Qantas boss Alan Joyce fighting more than ‘foreign filth’ slurs

HIS NAME is in the frame as the man behind one of the most audacious union confrontations in airline history.

And while only time will tell if Alan Joyce has the mettle to weather out the storm, it’s not the first time the Qantas boss has had to face tough challenges.

Just a few months ago, he successfully fought a battle against prostate cancer.

And as he steered through a string of cost-cutting measures in the build-up to the shut-down, he has had to employ extra body-guards after receiving a string of death threats.

Among the letters he has received is one which referred to him as ‘foreign filth’ – a common racist slant that has dogged him since he emigrated to Australia in 1996.

U2 and Enya fan Joyce – who admits to reading books on maths for ‘relaxation’ – was born and raised in a Tallaght tenement block.

His mother worked as a cleaner while his father was a tobacco factory worker.

The oldest of four brothers, he was regarded as a maths prodigy.

So impressed was a Dublin secondary school teacher with his mathematical prowess that she would call his headmaster into class while the gifted 12-year-old proved theorems on the class room blackboard.

‘That really reinforced my interest,’ he recently told the Sydney Morning Herald.

‘At an early stage, she showed me the power of the mentor and I have been lucky enough all the way through my career to have that.’

He eventually went onto to study at Trinity College where he graduated with honours maths and physics.

Joyce joined Aer Lingus where he worked for eight years Alan spent eight years. He held a variety of positions in sales, marketing, IT, revenue management and fleet planning.

Then, in 1996, he left to join the ill-fated Ansett Airlines, where he would impressed the company’s CEO Rod Eddington enough for him to recommend him to his next employer Qantas CEO Geoff Dixon who took him on in 2000 and eventually appointed him head of Qantas’ no-frills airline, Jetstar in 2003.

He took the fledgling Jetstar business from just 14 aircraft to a nationwide domestic network business that also expanded out to destinations in Asia and Hawaii.

In November 2008, he took over from Qantas Dixon, who airline insiders say had treated Joyce ‘like a son’ and had even been heard to refer to him as ‘my little Irishman’.

Beforehand, he had won a string of awards – winning the Centre for Asia Pacific’s (CAPA) Low Cost Carrier CEO of the Year award and Airline Business Magazine’s Low Cost Leadership award while in 2007, he won the Australian Airports Association award for Personality of the Year.

Since taking the Qantas helm, Joyce has also had to field extraordinary comments about his roots from one leading senator calling him an ‘Irish bomb maker’.

The slur came earlier this year when Joyce attended a senate estimates hearing into pilot training in Canberra.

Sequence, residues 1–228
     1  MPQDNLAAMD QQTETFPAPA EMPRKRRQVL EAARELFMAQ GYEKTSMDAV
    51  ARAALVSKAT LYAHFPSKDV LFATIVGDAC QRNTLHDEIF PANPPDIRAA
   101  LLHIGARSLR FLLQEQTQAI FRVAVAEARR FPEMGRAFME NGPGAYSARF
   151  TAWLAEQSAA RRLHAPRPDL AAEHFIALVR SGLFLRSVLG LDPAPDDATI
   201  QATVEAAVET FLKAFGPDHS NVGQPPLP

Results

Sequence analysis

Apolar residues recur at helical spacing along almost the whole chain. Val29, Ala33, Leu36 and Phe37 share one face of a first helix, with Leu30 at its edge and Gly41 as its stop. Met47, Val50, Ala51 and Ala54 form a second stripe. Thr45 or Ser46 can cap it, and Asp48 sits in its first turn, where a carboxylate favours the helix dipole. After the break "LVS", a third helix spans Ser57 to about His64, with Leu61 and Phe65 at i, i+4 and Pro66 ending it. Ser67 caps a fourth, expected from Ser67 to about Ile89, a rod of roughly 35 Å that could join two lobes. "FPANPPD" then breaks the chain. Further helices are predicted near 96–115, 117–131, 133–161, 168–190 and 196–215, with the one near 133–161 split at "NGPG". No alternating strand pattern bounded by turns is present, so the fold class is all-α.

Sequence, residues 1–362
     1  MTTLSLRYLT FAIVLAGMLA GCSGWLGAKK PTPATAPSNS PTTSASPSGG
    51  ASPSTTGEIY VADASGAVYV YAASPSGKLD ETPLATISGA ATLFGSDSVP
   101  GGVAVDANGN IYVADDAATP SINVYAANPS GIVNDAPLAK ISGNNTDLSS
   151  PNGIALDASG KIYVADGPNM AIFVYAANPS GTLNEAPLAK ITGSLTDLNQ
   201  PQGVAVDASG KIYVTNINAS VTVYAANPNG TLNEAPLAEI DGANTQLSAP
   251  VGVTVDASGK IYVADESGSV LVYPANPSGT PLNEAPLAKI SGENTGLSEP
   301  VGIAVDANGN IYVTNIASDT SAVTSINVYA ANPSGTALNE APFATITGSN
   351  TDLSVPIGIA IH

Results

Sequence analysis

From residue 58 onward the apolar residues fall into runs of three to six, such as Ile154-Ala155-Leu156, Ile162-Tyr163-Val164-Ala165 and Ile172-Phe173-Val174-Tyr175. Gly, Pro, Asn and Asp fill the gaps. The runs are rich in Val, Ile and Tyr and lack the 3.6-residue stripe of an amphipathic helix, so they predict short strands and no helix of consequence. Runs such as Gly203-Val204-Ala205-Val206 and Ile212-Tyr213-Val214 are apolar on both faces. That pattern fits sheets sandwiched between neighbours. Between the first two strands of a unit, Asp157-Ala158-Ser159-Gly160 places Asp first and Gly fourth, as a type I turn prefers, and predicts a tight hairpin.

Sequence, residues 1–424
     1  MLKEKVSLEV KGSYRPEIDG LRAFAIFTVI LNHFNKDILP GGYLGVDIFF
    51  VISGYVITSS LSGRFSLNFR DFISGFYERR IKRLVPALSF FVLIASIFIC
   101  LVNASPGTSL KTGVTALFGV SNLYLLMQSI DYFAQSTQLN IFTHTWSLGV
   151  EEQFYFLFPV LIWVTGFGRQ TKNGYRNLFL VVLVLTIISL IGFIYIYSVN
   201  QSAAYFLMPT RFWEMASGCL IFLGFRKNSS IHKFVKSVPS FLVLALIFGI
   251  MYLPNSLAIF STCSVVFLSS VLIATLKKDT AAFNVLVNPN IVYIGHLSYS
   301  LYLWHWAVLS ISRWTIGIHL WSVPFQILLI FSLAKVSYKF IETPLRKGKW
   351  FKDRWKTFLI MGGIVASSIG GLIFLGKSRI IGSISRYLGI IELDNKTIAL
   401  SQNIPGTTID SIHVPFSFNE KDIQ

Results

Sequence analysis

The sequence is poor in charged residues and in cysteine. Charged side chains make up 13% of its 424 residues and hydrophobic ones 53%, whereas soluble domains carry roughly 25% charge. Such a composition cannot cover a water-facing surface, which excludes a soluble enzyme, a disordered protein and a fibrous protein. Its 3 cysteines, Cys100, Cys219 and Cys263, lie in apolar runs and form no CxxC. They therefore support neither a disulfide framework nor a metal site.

During the session, Joyce was asked by a Senator Bill Heffernan if he came ‘from a long line of Irish bomb makers’.

And he then went on to ask him directly: ‘Mr Joyce if the power was yours, you know from being an old Irish bomb maker, if you had the choice what would be the ideal pilot training?’

The exchange was the latest in a string of instances Joyce had had to put up with during his tenure at Qantas in Australia.

Last November, for example, he was mocked by a columnist in The Australian newspaper over his thick Dublin accent.

At the time, he had been asked to explain an incident in which one of his aircraft had suffered an engine malfunction while in flight and which had led him to ground his entire fleet of Airbus A380s.

He was quoted as saying: ‘Tiz too arly ter judge waaat dat issue is an’ ‘oy long it ‘I’ll take ter be fixed… It cud be ahn issue wi’ de casin’ or it cud be an issue wi’ de turbo-ines,’.

Despite Qantas’ push for more and more cost-cutting measures, the board recently agreed an astonishing 71% pay rise for its embattled chief.

This took his pay to more than AUS $5million, much to the annoyance of the unions whose members stand to suffer most from his attempts to slash costs.

His prostate cancer was discovered early this year – as a direct result of a health initiative he started at Qantas.

It had followed the departure of a senior executive who everyone had thought had been suffering from stress only for a thyroid problem to being diagnosed.

So he launched a programme of health checks for all senior staff and was the first to volunteer and early stage aggressive prostate cancer was discovered.

He told the Sydney Morning Herald last month: ‘I was very lucky. I caught it early.

‘They said if I waited till I was 50, which is the recommended age for a test, there was probably an 80 per cent chance I would have been dead.’


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